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Searching PubMed to Retrieve Publications on the COVID-19 Pandemic: Comparative Analysis of Search Strings

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@article{246a58907e244700b9361d3ba7222aa8,
title = "Searching PubMed to Retrieve Publications on the COVID-19 Pandemic: Comparative Analysis of Search Strings",
abstract = "BACKGROUND: Since it was declared a pandemic on March 11, 2020, COVID-19 has dominated headlines around the world and researchers have generated thousands of scientific articles about the disease. The fast speed of publication has challenged researchers and other stakeholders to keep up with the volume of published articles. To search the literature effectively, researchers use databases such as PubMed.OBJECTIVE: The aim of this study is to evaluate the performance of different searches for COVID-19 records in PubMed and to assess the complexity of searches required.METHODS: We tested PubMed searches for COVID-19 to identify which search string performed best according to standard metrics (sensitivity, precision, and F-score). We evaluated the performance of 8 different searches in PubMed during the first 10 weeks of the COVID-19 pandemic to investigate how complex a search string is needed. We also tested omitting hyphens and space characters as well as applying quotation marks.RESULTS: The two most comprehensive search strings combining several free-text and indexed search terms performed best in terms of sensitivity (98.4%/98.7%) and F-score (96.5%/95.7%), but the single-term search COVID-19 performed best in terms of precision (95.3%) and well in terms of sensitivity (94.4%) and F-score (94.8%). The term Wuhan virus performed the worst: 7.7% for sensitivity, 78.1% for precision, and 14.0% for F-score. We found that deleting a hyphen or space character could omit a substantial number of records, especially when searching with SARS-CoV-2 as a single term.CONCLUSIONS: Comprehensive search strings combining free-text and indexed search terms performed better than single-term searches in PubMed, but not by a large margin compared to the single term COVID-19. For everyday searches, certain single-term searches that are entered correctly are probably sufficient, whereas more comprehensive searches should be used for systematic reviews. Still, we suggest additional measures that the US National Library of Medicine could take to support all PubMed users in searching the COVID-19 literature.",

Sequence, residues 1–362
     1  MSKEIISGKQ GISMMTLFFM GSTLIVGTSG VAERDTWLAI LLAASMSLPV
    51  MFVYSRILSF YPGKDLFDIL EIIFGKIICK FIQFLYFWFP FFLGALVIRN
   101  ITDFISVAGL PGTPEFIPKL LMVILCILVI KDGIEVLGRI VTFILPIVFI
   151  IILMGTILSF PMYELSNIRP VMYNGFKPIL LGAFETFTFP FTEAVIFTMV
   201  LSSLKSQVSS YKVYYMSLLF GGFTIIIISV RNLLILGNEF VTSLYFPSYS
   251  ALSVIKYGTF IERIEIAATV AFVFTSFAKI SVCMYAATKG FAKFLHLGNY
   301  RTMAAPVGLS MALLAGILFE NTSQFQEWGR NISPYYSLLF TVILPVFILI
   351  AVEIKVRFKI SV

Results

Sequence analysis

keywords = "Coronavirus, COVID-19, Literature, Literature searching, Pandemic, Performance, PubMed, Research, Scientific publishing, Search",
author = "Lazarus, {Jeffrey V} and Adam Palayew and Rasmussen, {Lauge Neimann} and Andersen, {Tue Helms} and Joseph Nicholson and Ole Norgaard",
note = "{\textcopyright}Jeffrey V Lazarus, Adam Palayew, Lauge Neimann Rasmussen, Tue Helms Andersen, Joey Nicholson, Ole Norgaard. Originally published in the Journal of Medical Internet Research (http://www.jmir.org), 26.11.2020.",
year = "2020",
month = nov,
day = "26",
doi = "10.2196/23449",
language = "English",
volume = "22",
pages = "e23449",
journal = "Journal of Medical Internet Research",
issn = "1439-4456",
publisher = "Internet Healthcare Coalition",
number = "11",

}

RIS

TY - JOUR

T1 - Searching PubMed to Retrieve Publications on the COVID-19 Pandemic

T2 - Comparative Analysis of Search Strings

AU - Lazarus, Jeffrey V

AU - Palayew, Adam

AU - Rasmussen, Lauge Neimann

AU - Andersen, Tue Helms

AU - Nicholson, Joseph

AU - Norgaard, Ole

N1 - ©Jeffrey V Lazarus, Adam Palayew, Lauge Neimann Rasmussen, Tue Helms Andersen, Joey Nicholson, Ole Norgaard. Originally published in the Journal of Medical Internet Research (http://www.jmir.org), 26.11.2020.

PY - 2020/11/26

Y1 - 2020/11/26